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How to Align and Distribute Objects on PowerPoint

align and distribute powerpoint tips May 31, 2021
In this step-by-step tutorial, we show you how to align and distribute objects in PowerPoint

Small details can communicate big things to your audience. People can tell if spacing or sizing is off between images or text. 

While most non-designers won’t be able to put their finger on what is wrong with the design, they will feel it is causing your PowerPoint to be distracting when it’s supposed to strengthen your pitch. 

This tutorial will walk you through How to Align and Distribute Objects. Aligning and distributing objects helps you create images, shapes, and texts that follow design guidelines, are centered, and are the same size. 

Here is a sample slide from one of Simple Slide’s numerous templates, Simple. As you can see, a creative visual at the top comprises evenly distributed rectangular bars of varying colors. 

First, we’ll show you this excellent feature in PowerPoint that lets us evenly align and distribute objects such as shapes, texts, and images without needing to measure them with an actual ruler. 

Here are two square shapes. As I place one object around different areas, dashed lines appear, guiding the second shape to align with the first one differently.

We want to place this shape beside the first one and have a third shape also aligned and evenly distanced from the first two. 

We must drag the shape and let the guidelines direct me to the correct position. The guidelines also show that the objects are evenly distanced with those distance guides between each shape. It also helps the shapes automatically clip once you place them in aligned positions. 


Now that we got the basics down pat let’s try to recreate the slide we had earlier. We have already prepared five rectangular shapes of varying lengths. 

The first step is to take the most extended shape and place it at the top center of the slide. To do this, place your shape at the top, go to Format, click on Align, and then choose the Align Center option from the dropdown.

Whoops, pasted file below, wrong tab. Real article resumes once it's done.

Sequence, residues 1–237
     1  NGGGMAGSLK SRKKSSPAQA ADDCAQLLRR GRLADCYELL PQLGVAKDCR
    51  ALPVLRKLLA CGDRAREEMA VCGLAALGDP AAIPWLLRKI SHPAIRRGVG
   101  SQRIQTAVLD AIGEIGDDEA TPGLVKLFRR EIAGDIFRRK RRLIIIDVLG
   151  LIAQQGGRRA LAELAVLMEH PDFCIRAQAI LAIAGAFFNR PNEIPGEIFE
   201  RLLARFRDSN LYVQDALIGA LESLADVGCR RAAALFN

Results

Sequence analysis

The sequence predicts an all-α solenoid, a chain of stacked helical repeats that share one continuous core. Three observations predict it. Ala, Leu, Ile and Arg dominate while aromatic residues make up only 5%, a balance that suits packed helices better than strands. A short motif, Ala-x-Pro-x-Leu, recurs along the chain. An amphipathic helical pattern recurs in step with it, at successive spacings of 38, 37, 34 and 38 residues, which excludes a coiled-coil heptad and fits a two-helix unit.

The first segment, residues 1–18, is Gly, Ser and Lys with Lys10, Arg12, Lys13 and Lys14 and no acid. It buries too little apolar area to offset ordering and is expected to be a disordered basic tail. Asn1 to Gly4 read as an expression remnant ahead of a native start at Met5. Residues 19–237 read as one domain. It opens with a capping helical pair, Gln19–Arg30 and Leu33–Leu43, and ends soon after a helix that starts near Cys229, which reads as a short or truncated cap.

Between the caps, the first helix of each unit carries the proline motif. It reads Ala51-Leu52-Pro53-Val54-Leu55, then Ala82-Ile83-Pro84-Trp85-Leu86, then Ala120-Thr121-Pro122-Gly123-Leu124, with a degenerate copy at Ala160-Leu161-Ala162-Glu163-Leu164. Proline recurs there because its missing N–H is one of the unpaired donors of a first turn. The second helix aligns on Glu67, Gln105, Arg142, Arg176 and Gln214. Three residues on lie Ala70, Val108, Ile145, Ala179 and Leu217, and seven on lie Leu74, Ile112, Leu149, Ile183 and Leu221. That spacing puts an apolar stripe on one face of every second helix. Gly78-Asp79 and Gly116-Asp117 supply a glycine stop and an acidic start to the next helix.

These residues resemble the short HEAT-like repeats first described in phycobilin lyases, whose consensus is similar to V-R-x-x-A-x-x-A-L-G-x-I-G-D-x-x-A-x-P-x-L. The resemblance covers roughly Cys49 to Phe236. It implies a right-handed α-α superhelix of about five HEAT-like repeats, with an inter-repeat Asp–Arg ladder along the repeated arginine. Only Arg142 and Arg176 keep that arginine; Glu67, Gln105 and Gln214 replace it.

Once the object is placed correctly, we can proceed to the second rectangle. Decide how you want to distance the rectangles and place them on the left or right of the first one.

This is the distance I would like my rectangles to have. Grab the rest of the rectangles, and once we place the third one near the first two, the guidelines click the object in place, positioning it at an exact distance from the first two shapes. 

Let’s do the same with the fourth bar. 

Grab it and click it into place. The same goes for our fifth bar; as you can see, the guides between the shapes show that they are all evenly distanced.

All that’s left is the correct part. Earlier, I could have prepared nine rectangles instead of just 5, but here is an excellent shortcut on how to do this. 

Select these four rectangles by holding the shift key, then left-clicking on each shape. Once everything is selected, right-click on one of the shapes and choose group shapes. 

This will group these four shapes into one, and you can move them anywhere while attached. Right-click on this group of shapes, hold it, and drag it. 

A copy will appear, and when we let go of the right click, it gives us an option of either copy here, moves here, or cancel. Select Copy Here to duplicate the group.

Now, we have a duplicate of the group of shapes we had earlier. However, it’s in the wrong order. To mirror this, click on the group of shapes, go to format, and select the Rotate tool. 

Once clicked, you will have various options to rotate your objects with. Select Flip Horizontal from the dropdown. 

Perfectly mirrored the first group. All that’s left is to make sure they are evenly distanced. To do that, reposition the group until the guidelines between the shapes show that everything is evenly spaced.  

And there you have it. 

A presentation that looks and feels suitable to your audience. 

For more spectacular tips on utilizing PowerPoint, follow us on YouTube or read about How to Play Videos on Multiple Slides and How to Make a Brochure Using PowerPoint for your presentations.

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